In fact, the drone market will be so big and overarching that it will create a spin-off anti-drone business. Tech solutions to counter drones could become a $1 billion market. You’ve probably already seen “NO DRONE” signs on beaches and near airports. The technology goes far past just a kind suggestion.
Within the drone market, according to the firm Oliver Wyman, data collection and exploitation will represent the majority of commercial applications.
Big Data and Drones
In the coming years, drones will be increasingly used as a fast and efficient data collection tool.
This is thanks to the development and integration of different types of cameras and advanced sensors. Sensor types include laser (lidar), multispectral imaging cameras (for agriculture), and thermal imaging (utility inspection and firefighting).
This array of cameras and sensors will generate mountains of data. This will then need to be classified and analyzed to generate value.
Data scientists, who are already a rare asset, will become even more sought after as drone data gathering continues to grow.
Apart from the typical UAV applications (aerial imaging and data collection), new, rather unusual drone uses are already under serious consideration.
Believe it or not, unmanned, flying taxis are already in development and testing stages around the world.
Flying taxis were a mere futuristic concept a few years ago (we’re still waiting for the flying DeLorean!), but not anymore.
Due to debut last summer, the EHang 184 ran through tests in Dubai.
Then, just last month, EHang released footage of the first manned test of its taxi drone. What’s more, the company showed the vehicle perform in various weather and flight scenarios.
In September 2017, the German firm Volocopter also conducted its first public test flight in Dubai. Afterward, the Volocopter went to Las Vegas and was a “flying” highlight of the Consumer Electronics Show (CES 2018).
Drone Regulations are Stiff yet Evolving
Drone technology has made huge strides in recent years. This includes advancements in autonomy, safety, and performance.
Drones are, where needed, smaller and more economical than in previous years. With increasing autonomy and technical capabilities, drones can perform well even when supervision is impossible. This allows them to be applied in more various tasks than ever.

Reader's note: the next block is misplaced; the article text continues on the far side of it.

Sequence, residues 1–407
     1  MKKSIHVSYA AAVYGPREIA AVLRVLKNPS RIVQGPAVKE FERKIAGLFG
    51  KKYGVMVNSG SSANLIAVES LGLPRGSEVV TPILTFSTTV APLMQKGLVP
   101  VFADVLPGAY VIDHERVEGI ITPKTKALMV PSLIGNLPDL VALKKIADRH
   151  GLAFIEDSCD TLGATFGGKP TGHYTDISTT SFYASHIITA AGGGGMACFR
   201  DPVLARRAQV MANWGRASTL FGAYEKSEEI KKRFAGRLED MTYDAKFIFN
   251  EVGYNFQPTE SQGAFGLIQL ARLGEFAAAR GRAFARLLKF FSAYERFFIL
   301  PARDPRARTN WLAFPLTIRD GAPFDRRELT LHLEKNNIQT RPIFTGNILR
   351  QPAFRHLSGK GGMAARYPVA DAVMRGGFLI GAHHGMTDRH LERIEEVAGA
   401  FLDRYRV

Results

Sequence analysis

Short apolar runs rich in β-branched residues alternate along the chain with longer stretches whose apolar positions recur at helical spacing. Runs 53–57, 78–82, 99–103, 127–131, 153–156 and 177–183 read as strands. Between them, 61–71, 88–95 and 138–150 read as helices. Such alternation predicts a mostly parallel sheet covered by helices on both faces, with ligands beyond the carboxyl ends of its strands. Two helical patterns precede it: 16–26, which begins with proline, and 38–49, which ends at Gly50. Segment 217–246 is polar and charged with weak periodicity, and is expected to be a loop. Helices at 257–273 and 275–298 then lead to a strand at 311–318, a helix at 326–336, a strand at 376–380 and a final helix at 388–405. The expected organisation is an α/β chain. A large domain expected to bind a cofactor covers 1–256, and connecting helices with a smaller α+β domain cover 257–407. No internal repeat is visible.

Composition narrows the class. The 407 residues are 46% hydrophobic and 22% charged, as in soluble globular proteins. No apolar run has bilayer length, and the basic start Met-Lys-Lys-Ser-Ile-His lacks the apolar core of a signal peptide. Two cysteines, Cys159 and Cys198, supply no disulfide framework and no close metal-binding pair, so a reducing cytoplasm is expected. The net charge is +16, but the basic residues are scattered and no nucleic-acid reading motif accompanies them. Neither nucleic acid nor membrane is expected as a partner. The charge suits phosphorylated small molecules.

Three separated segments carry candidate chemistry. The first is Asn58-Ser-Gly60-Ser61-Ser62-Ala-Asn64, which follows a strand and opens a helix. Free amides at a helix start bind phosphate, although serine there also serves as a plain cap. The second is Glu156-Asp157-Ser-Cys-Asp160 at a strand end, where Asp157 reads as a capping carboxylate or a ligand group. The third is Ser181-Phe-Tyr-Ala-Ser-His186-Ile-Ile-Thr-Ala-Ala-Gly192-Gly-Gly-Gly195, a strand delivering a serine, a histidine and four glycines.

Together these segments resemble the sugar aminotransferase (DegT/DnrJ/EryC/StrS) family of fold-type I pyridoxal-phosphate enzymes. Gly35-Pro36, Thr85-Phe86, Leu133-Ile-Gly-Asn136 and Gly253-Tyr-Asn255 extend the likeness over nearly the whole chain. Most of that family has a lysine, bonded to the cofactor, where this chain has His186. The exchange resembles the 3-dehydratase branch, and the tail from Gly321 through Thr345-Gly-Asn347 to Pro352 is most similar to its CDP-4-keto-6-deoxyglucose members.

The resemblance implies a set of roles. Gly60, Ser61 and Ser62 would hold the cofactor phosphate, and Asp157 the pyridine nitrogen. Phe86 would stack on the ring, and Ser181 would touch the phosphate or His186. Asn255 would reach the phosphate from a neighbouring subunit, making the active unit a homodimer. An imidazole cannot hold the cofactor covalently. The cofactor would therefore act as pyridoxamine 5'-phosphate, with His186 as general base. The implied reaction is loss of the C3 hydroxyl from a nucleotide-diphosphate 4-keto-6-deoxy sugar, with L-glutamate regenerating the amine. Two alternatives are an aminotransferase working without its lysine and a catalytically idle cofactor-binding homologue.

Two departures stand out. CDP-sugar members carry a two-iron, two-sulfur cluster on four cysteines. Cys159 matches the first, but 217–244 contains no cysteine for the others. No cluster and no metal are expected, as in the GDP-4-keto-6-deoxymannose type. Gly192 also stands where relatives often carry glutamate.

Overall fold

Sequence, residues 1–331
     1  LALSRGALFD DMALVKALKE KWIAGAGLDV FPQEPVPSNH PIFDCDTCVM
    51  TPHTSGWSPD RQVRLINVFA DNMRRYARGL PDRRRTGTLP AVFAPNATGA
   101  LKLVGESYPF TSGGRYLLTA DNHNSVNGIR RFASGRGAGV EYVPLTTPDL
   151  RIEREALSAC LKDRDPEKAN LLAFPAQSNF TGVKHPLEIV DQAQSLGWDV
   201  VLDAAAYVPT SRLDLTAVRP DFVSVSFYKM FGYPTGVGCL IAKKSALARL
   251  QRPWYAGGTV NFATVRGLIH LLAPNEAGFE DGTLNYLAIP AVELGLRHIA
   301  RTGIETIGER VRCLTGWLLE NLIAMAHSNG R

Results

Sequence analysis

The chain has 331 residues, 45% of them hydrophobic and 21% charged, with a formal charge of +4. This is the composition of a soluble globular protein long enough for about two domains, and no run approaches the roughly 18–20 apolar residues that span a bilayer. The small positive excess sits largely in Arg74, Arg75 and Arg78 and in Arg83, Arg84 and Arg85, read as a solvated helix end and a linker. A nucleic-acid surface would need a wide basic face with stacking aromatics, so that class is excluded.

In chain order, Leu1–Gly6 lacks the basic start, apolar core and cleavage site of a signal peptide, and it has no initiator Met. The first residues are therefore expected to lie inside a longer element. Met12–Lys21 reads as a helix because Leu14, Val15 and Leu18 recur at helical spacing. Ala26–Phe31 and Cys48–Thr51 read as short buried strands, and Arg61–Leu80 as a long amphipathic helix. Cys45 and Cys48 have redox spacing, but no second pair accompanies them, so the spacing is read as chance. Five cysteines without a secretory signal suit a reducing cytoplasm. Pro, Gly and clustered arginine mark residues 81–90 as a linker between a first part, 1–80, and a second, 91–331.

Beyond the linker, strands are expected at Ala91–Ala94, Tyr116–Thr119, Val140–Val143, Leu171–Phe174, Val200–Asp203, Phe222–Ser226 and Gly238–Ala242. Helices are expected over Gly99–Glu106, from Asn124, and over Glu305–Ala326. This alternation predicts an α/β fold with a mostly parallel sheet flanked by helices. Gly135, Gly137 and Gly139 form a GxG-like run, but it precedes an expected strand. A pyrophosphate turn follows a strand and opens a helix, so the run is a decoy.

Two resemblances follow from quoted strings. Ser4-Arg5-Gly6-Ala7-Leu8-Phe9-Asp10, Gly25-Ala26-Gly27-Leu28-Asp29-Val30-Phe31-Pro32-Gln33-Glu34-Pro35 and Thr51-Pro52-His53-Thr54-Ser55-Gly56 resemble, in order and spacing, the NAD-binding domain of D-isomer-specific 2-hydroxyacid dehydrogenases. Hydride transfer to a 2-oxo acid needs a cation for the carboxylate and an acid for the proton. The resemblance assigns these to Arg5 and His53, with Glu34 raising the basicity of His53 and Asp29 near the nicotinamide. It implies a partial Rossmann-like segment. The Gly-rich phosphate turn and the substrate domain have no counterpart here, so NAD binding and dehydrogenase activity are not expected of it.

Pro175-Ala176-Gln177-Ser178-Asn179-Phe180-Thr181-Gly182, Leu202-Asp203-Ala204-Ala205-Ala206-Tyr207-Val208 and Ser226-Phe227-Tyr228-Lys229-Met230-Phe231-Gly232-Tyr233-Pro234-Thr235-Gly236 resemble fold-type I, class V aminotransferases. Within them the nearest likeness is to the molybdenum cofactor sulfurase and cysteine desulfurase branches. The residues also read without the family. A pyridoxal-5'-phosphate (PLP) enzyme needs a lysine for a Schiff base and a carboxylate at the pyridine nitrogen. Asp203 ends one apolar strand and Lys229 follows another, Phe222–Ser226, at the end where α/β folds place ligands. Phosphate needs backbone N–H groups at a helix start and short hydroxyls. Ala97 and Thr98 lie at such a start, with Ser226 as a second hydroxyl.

On the other hand, in the early 2000s, the word “drone” didn’t signify much to most people. Since then, that vague concept has taken shape, drone popularity and adoption by the general public is increasing.
Nevertheless, technological progress and public adoption are only two factors that affect the drone industry and its future.
Regulations are also a key factor that could make or break the drone market.
As soon as a drone leaves the ground, it becomes an aircraft and should abide by the rules that govern airspaces.
In the air, just like regular airplanes, drones must imperatively comply with a set of air traffic regulations that in the case of America, is by the Federal Aviation Administration.
Though not keeping up with the growth of the industry, the FAA’s drone regulatory framework is evolving.
Regulations make sure new technologies have a certain level of efficiency and reliability. They can ensure the safety of people and property both in the air and on the ground.
Before performing any flight (never above 400 feet!), drones must be registered.
Drone pilots need a certificate, which they obtain after passing a test at one of the Airman Knowledge Testing Centers approved by the FAA.
The “line of sight rules” are an exampled of a major restriction that could hinder the development and growth of the drone industry. This one policy hinders the design, production, and use of drones.
Operators need to keep their drones within their line of sight constantly. These rules might be the biggest hurdle for drone delivery and other uses requiring flights beyond visual line of sight (BVLOS operations).
The “line of sight” rules also apply to recreational drone use, though amateur operators enjoy less strict rules than professional ones.